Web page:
Thomas Fisher, Chicago, IL. Thomas Fisher is an Assistant Professor at The University of Chicago. He practices Emergency Medicine in the Department of Medicine and studies the roles of race, socio-cultural structures and stereotyping in racial disparities in health and health care. Currently he is developing a community-medical center partnership called “Community Solutions in Action” to produce research and interventions that transform emergency departments’ approaches to vulnerable communities. He also partners with the New Community Program/Woodlawn in “Ask the Doctor,” a monthly community discussion on health. In the past, he participated in founding Project Brotherhood, a health care center specifically for African-American men. He has mentored Chicago Public Schools students including co-leading the University of Chicago-Kenwood Academy program for academic exploration. His medical training included a year as Chief Resident and a Fellowship in the Robert Wood Johnson Clinical Scholars Program. He is faculty affiliate of The University of Chicago's Center for the Study of Race, Politics, and Culture. Recently, he was a 2007 Leadership Greater Chicago Fellow and a 2009 Aspen Institute Health Forum Fellow. Thomas holds an A.B. from Dartmouth College, an M.P.H. from the Harvard School of Public Health and an M.D. from The University of Chicago.
Bill Gallagher, Springfield, VA. Bill Gallagher is a Lieutenant Commander in the United States Navy and a U.S. Navy SEAL. His thirteen-year career has included eight deployments, with three to Afghanistan in support of Operation Enduring Freedom and two to Iraq in support of Operation Iraqi Freedom. Bill also had the distinct honor to serve for several years within the Naval Special Warfare Development Group. In 2003, he served as the Deputy Tactical Commander for the rescue of over 230 American citizens and 1100 foreign nationals from the U.S. Embassy and U.N. compound in Monrovia, Liberia. In 2005, Bill led a U.S. special operations team assigned to protect the Deputy Prime Minister of Iraq, Dr. Barham Salih. Following that mission’s successful completion, Bill was assigned to protect the former Prime Minister of Iraq, Dr. Ayad Allawi, during the drafting of the Iraqi Constitution. His military decorations include the Combat Action Ribbon and four awards of the Bronze Star medal with combat-distinguishing “V” device for valor in combat. Bill holds a Bachelor of Science from the U.S. Naval Academy where he was a Division-I lacrosse player and varsity letterman, and he holds a Master in Public Administration from the Harvard Kennedy School.
Holly Harrison, Vienna, VA. Holly Harrison is a Lieutenant Commander in the United States Coast Guard. She is the first woman to command a Coast Guard vessel during combat operations and became the first Coast Guard woman to receive the Bronze Star medal for her service at the outset of Operation Iraqi Freedom. Her 15 years of military service include over eight years of sea duty around the world, second in command of the Coast Guard’s Maritime Law Enforcement Academy, and service on the Commandant’s personal staff. In the Office of Budget and Program Review, she reviews policy and builds, justifies, and defends the Coast Guard’s budget for programs representing $2.7 billion of operating base funding. A volunteer firefighter and emergency medical technician for over 10 years, Holly currently works with Fairfax County Fire and Rescue in Fairfax, Virginia, and has received numerous awards for her service, including firefighter and volunteer of the year. Her publications include articles in Naval Institute’s Proceedings and Navy League’s Seapower magazines and an opening chapter of the book “Women at War.” Holly received a Master of Public Policy degree from Princeton University and Master of Educational Technology Leadership, summa cum laude, from The George Washington University.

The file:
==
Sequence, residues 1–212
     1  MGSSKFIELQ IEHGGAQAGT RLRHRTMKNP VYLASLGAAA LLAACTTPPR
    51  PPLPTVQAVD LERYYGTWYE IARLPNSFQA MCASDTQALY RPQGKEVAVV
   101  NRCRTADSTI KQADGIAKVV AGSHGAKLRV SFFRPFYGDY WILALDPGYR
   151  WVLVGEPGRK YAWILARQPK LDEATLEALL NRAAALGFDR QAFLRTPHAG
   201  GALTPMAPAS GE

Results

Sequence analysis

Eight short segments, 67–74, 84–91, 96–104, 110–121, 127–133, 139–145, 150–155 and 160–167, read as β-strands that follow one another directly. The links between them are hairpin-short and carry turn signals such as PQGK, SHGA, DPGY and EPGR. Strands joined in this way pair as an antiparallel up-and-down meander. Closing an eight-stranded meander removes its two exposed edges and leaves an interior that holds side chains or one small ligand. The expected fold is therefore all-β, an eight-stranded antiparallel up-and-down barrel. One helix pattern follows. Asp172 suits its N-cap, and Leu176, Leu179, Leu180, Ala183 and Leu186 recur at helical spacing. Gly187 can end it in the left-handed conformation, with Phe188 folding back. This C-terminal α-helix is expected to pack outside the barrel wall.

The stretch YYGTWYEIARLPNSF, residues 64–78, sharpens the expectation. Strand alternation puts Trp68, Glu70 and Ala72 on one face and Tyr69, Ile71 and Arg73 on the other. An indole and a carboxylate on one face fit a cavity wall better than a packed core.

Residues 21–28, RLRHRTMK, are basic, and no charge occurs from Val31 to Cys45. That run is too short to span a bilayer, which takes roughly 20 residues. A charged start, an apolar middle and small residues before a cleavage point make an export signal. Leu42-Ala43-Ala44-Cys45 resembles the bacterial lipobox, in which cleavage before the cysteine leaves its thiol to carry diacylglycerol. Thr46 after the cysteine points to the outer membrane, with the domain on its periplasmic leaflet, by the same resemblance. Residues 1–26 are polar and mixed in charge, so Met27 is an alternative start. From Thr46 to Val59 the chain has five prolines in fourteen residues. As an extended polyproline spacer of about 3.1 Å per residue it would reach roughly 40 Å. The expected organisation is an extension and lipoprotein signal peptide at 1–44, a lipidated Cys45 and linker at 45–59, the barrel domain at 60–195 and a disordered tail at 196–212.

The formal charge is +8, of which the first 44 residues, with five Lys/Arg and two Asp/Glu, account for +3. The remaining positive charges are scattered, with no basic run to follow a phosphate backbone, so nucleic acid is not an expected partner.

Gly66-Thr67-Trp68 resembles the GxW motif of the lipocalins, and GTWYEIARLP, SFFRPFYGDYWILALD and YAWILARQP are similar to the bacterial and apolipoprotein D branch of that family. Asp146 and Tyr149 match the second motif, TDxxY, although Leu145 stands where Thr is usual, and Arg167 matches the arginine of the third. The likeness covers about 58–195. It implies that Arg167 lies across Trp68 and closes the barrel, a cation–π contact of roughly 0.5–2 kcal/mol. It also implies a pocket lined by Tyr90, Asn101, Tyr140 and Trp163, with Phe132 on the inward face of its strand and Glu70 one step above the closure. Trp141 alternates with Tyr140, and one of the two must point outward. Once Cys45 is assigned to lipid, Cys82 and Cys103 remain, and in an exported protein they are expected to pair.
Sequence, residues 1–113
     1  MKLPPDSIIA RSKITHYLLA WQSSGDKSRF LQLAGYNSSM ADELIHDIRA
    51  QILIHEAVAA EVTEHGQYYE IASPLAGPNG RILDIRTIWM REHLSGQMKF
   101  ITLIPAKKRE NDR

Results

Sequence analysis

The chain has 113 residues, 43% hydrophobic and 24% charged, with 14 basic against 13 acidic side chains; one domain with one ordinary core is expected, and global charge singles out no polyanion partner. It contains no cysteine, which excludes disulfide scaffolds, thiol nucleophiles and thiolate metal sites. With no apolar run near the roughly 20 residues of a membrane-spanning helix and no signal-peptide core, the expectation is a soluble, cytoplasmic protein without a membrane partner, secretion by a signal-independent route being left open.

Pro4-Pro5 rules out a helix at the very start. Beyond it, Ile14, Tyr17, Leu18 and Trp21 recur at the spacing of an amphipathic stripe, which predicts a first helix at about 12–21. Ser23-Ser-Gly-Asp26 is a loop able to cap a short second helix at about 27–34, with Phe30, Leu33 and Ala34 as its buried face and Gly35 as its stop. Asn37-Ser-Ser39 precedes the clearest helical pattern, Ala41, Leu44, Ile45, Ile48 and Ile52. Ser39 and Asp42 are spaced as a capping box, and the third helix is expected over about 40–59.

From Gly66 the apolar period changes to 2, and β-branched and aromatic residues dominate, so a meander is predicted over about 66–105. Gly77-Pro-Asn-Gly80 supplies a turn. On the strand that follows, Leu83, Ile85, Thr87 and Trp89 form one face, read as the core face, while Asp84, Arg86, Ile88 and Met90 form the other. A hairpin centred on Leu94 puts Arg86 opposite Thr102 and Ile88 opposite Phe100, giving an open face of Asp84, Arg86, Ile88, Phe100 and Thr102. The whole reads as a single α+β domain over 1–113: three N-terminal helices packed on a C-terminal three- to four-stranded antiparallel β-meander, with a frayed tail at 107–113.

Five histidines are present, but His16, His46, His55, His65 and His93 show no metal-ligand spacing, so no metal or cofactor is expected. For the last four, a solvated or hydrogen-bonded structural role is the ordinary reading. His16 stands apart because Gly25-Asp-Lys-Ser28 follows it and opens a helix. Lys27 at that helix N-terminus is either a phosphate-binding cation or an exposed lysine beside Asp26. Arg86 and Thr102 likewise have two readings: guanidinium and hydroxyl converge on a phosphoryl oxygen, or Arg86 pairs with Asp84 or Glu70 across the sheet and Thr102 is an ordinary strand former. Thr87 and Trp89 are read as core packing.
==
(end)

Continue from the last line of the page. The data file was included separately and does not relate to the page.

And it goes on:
Erica Jeffries, Alexandria, VA. Erica Jeffries is an Associate with Booz Allen Hamilton where she specializes in the defense, strategic policy, and national security arenas. Currently, Erica supports the Office of the Secretary of Defense as a project manager in the Office of the Under Secretary of Defense for Policy and the Office of Net Assessment. Most recently, Erica has supported the J5 directorate, Special Operations Command Europe (SOCEUR), in Stuttgart, Germany. Prior to working at Booz Allen, Erica served as an active duty Army aviation officer. While in the Army, Erica was a platoon leader and an Executive Officer in an Aviation battalion as a UH-60L Blackhawk helicopter pilot. She also served as the Assistant Secretary of the General Staff (ASGS) for all of III Corps and Fort Hood. Erica holds a B.S. in International Relations from the United States Military Academy at West Point and a Master of Arts in National Security Studies from Georgetown University.